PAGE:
Right from the start of his stone-setting career, Phill has set stones upside down whenever he felt the piece warranted the need of that drama. In the late eighties he coined the term 'Upsetting' for this practice.
'Gothic Tardis', 1988, showing an 'upset' amethyst. (This image published in CraftArts International, 1990)
At that stage, Phill had not seen this practice displayed elsewhere. It was considered so novel as to be offensive to some. One stone-cutter in Tasmania famously remarked that he wasn't going to sell any more stones to Phill because "he doesn't know how to set them..."
Of course, this technique had to be used judiciously, in order not to devalue its impact. It was largely confined to Objets d'Art and jewellery that addressed the concerns of Art. Nevertheless, the quote that Phill "preferred the form predominating over the sparkle" was published in a number of journals in the late 'eighties and early 'nineties, and came to be one of the signatures of his work at the time.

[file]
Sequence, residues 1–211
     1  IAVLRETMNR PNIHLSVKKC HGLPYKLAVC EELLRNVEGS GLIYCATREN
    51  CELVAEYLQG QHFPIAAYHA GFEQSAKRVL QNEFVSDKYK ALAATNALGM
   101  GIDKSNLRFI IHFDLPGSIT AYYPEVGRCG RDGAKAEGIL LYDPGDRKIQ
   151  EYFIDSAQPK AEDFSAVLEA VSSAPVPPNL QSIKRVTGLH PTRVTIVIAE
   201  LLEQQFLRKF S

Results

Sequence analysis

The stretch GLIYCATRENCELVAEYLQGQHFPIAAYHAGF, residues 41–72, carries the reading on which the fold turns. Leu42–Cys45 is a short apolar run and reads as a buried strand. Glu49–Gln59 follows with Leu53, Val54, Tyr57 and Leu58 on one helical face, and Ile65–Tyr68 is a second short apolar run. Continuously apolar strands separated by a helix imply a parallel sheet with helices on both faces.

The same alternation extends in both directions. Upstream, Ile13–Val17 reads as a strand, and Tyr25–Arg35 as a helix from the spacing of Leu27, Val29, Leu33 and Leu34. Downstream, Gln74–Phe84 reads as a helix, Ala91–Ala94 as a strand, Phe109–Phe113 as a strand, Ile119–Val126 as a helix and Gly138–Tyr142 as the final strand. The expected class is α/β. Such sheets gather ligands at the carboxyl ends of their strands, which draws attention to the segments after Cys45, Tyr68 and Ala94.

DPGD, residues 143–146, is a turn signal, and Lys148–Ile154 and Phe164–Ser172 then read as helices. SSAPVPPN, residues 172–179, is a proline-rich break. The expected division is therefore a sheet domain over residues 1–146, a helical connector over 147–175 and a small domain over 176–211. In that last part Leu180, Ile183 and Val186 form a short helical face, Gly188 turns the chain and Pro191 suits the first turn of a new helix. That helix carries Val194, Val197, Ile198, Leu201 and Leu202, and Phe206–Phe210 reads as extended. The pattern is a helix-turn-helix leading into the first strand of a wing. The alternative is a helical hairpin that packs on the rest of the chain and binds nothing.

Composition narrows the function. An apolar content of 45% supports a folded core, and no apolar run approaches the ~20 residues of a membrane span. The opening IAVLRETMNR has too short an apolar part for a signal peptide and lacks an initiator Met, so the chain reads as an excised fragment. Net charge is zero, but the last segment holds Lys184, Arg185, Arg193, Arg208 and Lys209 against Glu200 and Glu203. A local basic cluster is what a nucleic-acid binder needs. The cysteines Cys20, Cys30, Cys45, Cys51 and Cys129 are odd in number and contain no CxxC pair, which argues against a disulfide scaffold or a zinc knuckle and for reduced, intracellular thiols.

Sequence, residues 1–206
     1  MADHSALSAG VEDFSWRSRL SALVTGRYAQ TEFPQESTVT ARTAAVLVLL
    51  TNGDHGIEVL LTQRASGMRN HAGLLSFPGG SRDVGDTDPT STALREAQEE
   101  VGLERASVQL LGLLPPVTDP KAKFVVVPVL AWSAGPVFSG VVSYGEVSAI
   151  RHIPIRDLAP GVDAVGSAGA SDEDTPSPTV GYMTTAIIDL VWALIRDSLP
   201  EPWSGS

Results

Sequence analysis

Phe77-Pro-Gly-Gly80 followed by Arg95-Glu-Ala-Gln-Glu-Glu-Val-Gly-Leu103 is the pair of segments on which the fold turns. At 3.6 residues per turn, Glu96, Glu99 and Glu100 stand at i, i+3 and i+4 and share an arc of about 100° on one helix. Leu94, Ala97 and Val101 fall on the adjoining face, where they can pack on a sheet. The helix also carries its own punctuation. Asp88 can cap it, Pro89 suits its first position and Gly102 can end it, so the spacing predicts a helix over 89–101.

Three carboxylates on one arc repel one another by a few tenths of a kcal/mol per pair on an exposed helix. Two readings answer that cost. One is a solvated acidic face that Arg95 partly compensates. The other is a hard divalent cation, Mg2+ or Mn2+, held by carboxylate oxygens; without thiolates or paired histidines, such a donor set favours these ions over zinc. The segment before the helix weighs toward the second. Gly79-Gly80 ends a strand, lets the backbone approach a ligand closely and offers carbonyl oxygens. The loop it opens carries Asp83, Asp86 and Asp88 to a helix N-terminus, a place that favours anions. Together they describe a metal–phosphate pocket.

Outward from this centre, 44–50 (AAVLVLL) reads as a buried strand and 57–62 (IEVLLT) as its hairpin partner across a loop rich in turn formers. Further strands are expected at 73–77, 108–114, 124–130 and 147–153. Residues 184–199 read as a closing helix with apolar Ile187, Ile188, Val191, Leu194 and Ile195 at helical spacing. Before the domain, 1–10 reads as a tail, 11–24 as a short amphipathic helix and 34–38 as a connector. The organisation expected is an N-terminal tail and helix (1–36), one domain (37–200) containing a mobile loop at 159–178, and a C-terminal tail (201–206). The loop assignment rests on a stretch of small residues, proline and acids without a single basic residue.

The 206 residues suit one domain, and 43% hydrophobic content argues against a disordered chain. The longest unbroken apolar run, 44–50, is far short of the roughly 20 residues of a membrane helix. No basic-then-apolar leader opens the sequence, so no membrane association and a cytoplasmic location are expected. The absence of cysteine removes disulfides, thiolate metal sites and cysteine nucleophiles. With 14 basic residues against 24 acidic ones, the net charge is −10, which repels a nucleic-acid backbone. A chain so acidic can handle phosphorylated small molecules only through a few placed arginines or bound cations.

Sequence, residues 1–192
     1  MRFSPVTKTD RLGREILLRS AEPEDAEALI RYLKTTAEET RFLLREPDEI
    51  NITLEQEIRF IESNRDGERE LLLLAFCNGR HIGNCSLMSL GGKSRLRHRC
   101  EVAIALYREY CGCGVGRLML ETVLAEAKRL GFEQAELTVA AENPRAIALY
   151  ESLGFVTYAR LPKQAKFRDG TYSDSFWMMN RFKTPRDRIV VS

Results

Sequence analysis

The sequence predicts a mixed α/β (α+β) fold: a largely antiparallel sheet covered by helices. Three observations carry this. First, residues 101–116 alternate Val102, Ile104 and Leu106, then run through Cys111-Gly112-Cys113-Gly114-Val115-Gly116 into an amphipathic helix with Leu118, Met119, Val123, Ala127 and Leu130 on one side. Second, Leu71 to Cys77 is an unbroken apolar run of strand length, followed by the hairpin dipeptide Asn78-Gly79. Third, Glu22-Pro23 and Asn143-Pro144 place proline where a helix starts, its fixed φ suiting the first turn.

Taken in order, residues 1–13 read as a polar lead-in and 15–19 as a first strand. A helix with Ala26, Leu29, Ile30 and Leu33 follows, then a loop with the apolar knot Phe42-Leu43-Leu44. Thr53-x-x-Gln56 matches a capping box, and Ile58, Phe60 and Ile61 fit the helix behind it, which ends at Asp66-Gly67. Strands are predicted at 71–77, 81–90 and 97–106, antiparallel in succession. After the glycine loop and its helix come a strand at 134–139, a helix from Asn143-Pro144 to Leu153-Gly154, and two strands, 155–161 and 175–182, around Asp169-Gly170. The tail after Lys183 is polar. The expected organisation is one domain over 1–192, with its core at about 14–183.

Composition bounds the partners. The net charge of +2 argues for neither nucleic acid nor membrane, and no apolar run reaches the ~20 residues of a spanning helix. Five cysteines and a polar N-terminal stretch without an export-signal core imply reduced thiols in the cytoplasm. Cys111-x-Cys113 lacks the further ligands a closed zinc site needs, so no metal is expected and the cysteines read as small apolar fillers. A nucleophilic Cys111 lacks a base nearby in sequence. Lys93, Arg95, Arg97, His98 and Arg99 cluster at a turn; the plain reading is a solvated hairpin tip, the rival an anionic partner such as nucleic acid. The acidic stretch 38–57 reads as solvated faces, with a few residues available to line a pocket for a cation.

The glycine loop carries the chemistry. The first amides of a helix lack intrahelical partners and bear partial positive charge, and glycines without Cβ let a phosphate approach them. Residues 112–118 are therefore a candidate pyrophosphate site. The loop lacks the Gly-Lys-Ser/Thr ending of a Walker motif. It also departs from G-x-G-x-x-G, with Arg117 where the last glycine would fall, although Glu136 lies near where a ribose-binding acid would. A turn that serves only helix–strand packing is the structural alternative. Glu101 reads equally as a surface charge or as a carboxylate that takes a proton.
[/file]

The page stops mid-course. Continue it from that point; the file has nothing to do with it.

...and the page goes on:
From the early 'nineties through the mid 'nineties, Phill moved on to having stones, which exaggerated the 'upset' effect, especially cut for him. These tended to be elongated developments of the rose cut.
'Ring for an Iminent Epiphany', 1996, showing a spinel especially cut for Phill.
From the very late 'nineties onwards, Phill has cut his own stones, and has gone on to design his own cuts tailored to the needs of his style.He very rarely now just sets stones upside down, seeing it as frequently too simplistic for the needs of his current work.
'Diurnal Temple' and 'Nocturnal Altar', a pair of rings exhibited at Idar-Oberstein, Germany, 1997.